Seems pretty straightforward to give the on-scene guy the authority to do what needs to be done, no? But that's rarely what happens-- technology makes it too easy to look over their shoulders and jostle their elbows. The ship CO has to phone up the commodore, who arranges a VTC with COMFIFTHFLT & CINCCENT, who talks to the NMCC at the Pentagon... who wants hourly updates... I may not have the latest names in the right order but this is a simplification of the staff briefing & coordination process. There have been times in the past where everyone would be voting on the same satellite radio circuit with the CO who's essentially begging "Can we shoot yet? How 'bout now? NOW?!?"

It's very encouraging that the military was able to go to the NCA and say "And if it looks like they're gonna kill the captain, then we wanna kill 'em first." It's even more encouraging that the NCA said "Yeah, that's a good idea." And then that the ship's CO said "Hey, lieutenant, weapons free."

Then there's this little deck-seamanship tidbit:
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Conditions were deteriorating and the USS Bainbridge was towing the lifeboat in search of calmer waters at the time of the incident. The lifeboat was about 80 to 100 feet away from the Bainbridge when the Navy SEALs opened fire on the pirates.
Q+A: How the U.S. Navy ended Somali pirate drama | U.S. | Reuters

When the lifeboat pirates accepted the offer of a tow, I don't think that the BAINBRIDGE pulled up alongside and threw over a monkeyfist... especially since the pirates had earlier fired a tracer round at the ship. I suspect that the ship threw over a towline attached to a buoy or fired a shotline a couple hundred yards to the boat-- out of the pirate's shooting range, but close enough to hook things up. So the lifeboat was initally at least 200-300 feet away from the BAINBRIDGE, close enough to tow and far enough for everyone to feel comfortable.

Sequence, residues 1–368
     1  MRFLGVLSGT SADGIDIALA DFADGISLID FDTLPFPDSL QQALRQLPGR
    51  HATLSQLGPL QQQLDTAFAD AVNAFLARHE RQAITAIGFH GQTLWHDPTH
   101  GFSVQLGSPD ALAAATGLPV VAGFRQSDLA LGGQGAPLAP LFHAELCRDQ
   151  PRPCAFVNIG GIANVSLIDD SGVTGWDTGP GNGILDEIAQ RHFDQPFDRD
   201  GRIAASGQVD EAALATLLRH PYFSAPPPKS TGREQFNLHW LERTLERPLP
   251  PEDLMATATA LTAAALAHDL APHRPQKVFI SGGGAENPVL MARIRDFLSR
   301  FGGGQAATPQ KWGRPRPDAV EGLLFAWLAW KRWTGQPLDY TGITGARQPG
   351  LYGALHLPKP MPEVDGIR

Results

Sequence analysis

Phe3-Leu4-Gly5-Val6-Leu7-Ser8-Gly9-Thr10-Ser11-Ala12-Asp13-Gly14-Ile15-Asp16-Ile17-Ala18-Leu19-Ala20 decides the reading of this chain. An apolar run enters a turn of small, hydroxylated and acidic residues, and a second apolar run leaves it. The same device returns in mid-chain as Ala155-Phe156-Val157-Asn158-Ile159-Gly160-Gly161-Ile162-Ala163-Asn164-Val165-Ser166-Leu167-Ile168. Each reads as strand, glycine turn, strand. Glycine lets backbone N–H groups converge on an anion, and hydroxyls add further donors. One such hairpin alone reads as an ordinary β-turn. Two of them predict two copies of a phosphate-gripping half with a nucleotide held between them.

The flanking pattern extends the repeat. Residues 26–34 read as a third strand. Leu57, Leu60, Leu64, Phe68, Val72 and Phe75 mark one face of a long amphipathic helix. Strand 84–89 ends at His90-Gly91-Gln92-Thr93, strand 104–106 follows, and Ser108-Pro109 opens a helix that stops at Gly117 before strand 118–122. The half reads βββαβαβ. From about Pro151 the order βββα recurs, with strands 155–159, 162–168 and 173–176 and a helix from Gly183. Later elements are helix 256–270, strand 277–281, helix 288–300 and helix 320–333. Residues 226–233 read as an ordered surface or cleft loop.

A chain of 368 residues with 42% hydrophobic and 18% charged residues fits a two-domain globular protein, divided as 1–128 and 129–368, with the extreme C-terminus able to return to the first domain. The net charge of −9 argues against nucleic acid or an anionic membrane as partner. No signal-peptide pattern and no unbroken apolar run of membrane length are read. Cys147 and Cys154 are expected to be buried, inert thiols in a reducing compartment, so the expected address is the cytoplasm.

Then I think the SEALs up in the superstructure coordinated a little sound-powered-phone teamwork with Deck Division down on the fantail: "Hey, Boats, heave 'round on that towline a few feet, couldja? Do it nice and slow so that they don't notice the stern's getting bigger. OK, give it a few more feet. Just a little more... almost... come to Poppa... lemme tweak this gunsight a little... OK, hold it right there!!"

Meanwhile, on the lifeboat: "Hey, Habib, have you been messing with the towline? Why does the infidel ship seem to be getting so much bigger? I'll point my weapon at the captain so that he behaves, and you can pop your head up to take a look!"

I won't pass on the testosterone-drenched commentary from SailorBob.com, but the surface warriors are feeling pretty good about the way the Navy was trusted to do its business.

It's also agreed that the cost of the rescue was far more expensive than the ransom, and the bill will continue to rise as additional force-protection measures become necessary.
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Old 04-15-2009, 08:38 AM   #139
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The other impressive thing was that the snipers killed the pirates without hurting the parrots on their shoulders. [Leno].
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Old 04-15-2009, 09:10 AM   #140
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It's also agreed that the cost of the rescue was far more expensive than the ransom, and the bill will continue to rise as additional force-protection measures become necessary.
I'm sure it was, but I see this as akin to insurance companies either choosing to payout fraudulent claims and settle non-meritorious lawsuits or fight them. Even though in the short term it may cost more to fight, if it can discourage more of the same in the future it may be long-term cost effective, not to mention being the right thing to do (IMO).